UK clients leave US trailing on BIM adoption, says McGraw Hill report

Digital modelling is now firmly-established in the UK industry: 98% of clients in a new McGraw Hill survey said they used BIM for some of their projects, and 86% used it in more than a quarter. In two years’ time 38% said they would use a model in more than three-quarters of projects.

In the US, by contrast, only 59% of clients use BIM now, although there is an expectation that this will grow to 84% by 2016. What’s more, 88% of UK clients are formally measuring the impact of BIM, but only 18% of their American counterparts are doing the same.

These are some of the findings of a report by McGraw-Hill called The Business Value of BIM for Owners, sponsored by Skanska and Autodesk.

The report tracks a 10-year journey for UK clients. It shows they’ve moved from indifference to BIM to being activists who demand that their project teams adopt it, closely monitor its impact and look for ways to make use of the BIM model post-handover. 

Proportion of BIM usage (moderate, high, very high usage)

Source: McGraw Hill Construction

In the past, the most common trigger for owners’ engagement with BIM in the UK seems to have been through proselytising by designers (90% of those surveyed). As this group tends to be the one that clients have most contact with this is unsurprising, although 70% also said the construction manager was using a model as well.

On the other hand, clients don’t tend to do anything with the model themselves: only 20% own the necessary software to edit files and, more surprisingly, only 60% are able to even open them, However, that is put into perspective by the finding that just 15% of American clients can do the same. 

Generally, owners prefer to rely on specialised BIM consultants to look at the model for them, and again this is much more common in the UK than the US. Here, 65% of clients make frequent use of BIM consultants in the UK compared with 26% in America.

This lack of direct involvement, even among clients that use BIM for more than three-quarters of their projects, is partly because they lack trained staff (the most common reason in the US) and partly because they don’t want to spend the money on the software (the most common reason in the UK).

Initial interaction with BIM

Source: McGraw Hill Construction

That said, there are some groups of clients that do make enthusiastic use of BIM: for example, those in the US healthcare sector seem to have unanimously adopted it.

Although BIM gained traction as a bottom-up process led by designers, its success after a certain point seems to rely on a top-down intervention by the state. Here, the report concludes that the UK government’s decision to make 3D BIM compulsory on its schemes by 2016 has had a galvanising effect on the UK – as it also has had in other regions that have adopted similar policies, such as Singapore, South Korea and Scandinavia. 

Two-thirds of UK clients said the 2016 deadline had changed their way of thinking, with 76% being inspired to initiate a BIM-controlled project and 66% encouraged to add BIM resources to their organisation.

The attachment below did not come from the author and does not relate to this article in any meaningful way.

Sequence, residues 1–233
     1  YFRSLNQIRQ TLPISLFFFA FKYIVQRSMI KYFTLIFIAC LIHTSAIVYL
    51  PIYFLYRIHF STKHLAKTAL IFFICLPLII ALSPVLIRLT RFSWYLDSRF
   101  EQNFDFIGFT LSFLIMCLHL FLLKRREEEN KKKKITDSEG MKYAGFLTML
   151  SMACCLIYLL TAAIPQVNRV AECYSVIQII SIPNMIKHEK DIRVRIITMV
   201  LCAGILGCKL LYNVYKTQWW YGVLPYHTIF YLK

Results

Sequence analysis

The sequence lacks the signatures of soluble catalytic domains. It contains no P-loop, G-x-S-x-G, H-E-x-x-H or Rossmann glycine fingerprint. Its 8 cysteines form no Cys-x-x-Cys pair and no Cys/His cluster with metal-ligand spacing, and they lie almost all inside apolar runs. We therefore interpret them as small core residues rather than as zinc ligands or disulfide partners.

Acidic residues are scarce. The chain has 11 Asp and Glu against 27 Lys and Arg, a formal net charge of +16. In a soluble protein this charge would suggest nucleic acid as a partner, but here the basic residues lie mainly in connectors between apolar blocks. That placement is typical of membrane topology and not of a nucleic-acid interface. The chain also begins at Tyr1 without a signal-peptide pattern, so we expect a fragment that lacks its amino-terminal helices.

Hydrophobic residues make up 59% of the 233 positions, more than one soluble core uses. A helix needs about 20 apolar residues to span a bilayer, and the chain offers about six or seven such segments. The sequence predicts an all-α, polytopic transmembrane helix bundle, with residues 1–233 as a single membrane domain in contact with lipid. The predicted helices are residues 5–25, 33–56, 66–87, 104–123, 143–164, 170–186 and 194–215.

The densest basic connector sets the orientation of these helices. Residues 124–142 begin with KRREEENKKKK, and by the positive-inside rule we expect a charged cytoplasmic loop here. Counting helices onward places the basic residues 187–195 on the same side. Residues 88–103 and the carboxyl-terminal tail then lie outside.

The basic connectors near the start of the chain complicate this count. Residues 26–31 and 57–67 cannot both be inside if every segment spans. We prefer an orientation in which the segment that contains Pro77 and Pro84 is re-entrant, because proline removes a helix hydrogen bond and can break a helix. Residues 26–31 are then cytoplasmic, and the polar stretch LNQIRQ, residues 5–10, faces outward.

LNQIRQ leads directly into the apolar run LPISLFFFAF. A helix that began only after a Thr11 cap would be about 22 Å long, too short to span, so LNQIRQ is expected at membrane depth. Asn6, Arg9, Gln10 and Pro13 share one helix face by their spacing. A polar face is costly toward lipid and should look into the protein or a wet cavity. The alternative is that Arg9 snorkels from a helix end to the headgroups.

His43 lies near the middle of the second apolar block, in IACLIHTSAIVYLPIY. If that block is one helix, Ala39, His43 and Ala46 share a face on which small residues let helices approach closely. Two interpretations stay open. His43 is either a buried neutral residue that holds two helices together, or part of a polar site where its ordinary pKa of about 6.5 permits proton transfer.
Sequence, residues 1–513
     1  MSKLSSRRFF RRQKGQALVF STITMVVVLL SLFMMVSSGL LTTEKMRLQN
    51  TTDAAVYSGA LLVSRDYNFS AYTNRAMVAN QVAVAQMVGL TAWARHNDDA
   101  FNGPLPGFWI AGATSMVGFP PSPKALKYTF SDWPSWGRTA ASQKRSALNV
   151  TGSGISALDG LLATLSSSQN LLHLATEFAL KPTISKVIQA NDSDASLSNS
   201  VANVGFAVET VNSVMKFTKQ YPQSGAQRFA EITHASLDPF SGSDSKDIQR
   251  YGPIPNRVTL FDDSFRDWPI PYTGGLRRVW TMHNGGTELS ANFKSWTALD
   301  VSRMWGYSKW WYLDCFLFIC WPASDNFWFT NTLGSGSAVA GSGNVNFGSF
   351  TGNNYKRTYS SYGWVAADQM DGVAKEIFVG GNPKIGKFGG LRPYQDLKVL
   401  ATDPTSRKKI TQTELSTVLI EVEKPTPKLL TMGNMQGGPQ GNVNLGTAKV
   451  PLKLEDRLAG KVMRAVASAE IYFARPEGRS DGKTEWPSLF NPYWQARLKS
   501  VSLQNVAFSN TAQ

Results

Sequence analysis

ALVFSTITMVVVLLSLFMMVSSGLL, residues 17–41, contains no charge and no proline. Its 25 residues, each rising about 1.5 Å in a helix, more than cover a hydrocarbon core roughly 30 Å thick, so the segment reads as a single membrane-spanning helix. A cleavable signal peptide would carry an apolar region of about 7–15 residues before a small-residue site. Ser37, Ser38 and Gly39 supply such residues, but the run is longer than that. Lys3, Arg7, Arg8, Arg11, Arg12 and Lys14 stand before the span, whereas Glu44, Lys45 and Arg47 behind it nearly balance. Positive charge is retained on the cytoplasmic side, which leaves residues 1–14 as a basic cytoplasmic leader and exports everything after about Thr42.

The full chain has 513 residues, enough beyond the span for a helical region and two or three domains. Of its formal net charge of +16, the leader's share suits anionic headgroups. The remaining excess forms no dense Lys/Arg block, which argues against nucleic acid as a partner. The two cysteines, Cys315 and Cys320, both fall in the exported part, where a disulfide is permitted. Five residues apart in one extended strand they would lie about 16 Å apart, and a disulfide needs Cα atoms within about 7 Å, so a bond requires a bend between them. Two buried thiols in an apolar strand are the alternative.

One contractor canvassed for the report commented that large private sector clients and many public sector ones were demanding models, and the opinion formers within the industry were becoming more vocal about their desire to “lead the world in BIM”.

The report looks at one instance of how this is working in the UK’s prison and court building programme, which is run by the Ministry of Justice (MoJ). This appears to illustrate the importance of client activism and leadership: the MoJ cut the number of designers and contractors to a squad of about two dozen, then worked to “coach” and support this core group to build up a sense of cohesion between them. The next planned step is to bring in laser scanning and BIM-driven prefabrication.

Owners’ use of BIM consultants

Source: McGraw Hill Construction

Terry Stocks, the man in charge of the MoJ’s procurement strategy, says “our experience has been that BIM hasn’t cost more” and in terms of the percentage of a project’s budget that ends up in the finished product “we’re about 25% more efficient that we were in 2009”.

However, even with this degree of scrutiny by the client, there hasn’t been a noticeable reduction in the cost. Stocks says: “We’ve been using BIM for about two years and everyone is starting to realise that it reduces risk at the front end of a project. At the moment, they’re just at the cusp where they’ve done a couple of projects, they’ve been able to derisk the contrition, but they haven’t been brave enough to put it in their price. That’s something, as an intelligent client, you just have to live with; otherwise, you’re not going to get them on the journey.”

The findings also reveal that UK owners are increasingly using BIM for facilities management. The survey found that 78% of owners in the UK attached a high value to the use of BIM in FM, as opposed to 18% of owners in the US, and by 2019, 98% of those surveyed expected to be using BIM for their FM (compared with 52% of clients in the US). 

This points to a revolution in the FM industry – already, 94% of UK owners say they frequently get a model along with the completed building, and a third say they always get them.

But the report also found that owners face significant challenges when they try to integrate a model into their existing FM systems: there is the omnipresent problem of getting different software languages to communicate, and there is the equally common issue of adapting a working culture to fit in with BIM, rather than trying to adapt the BIM to fit in with the culture – the first impulse of many organisations.

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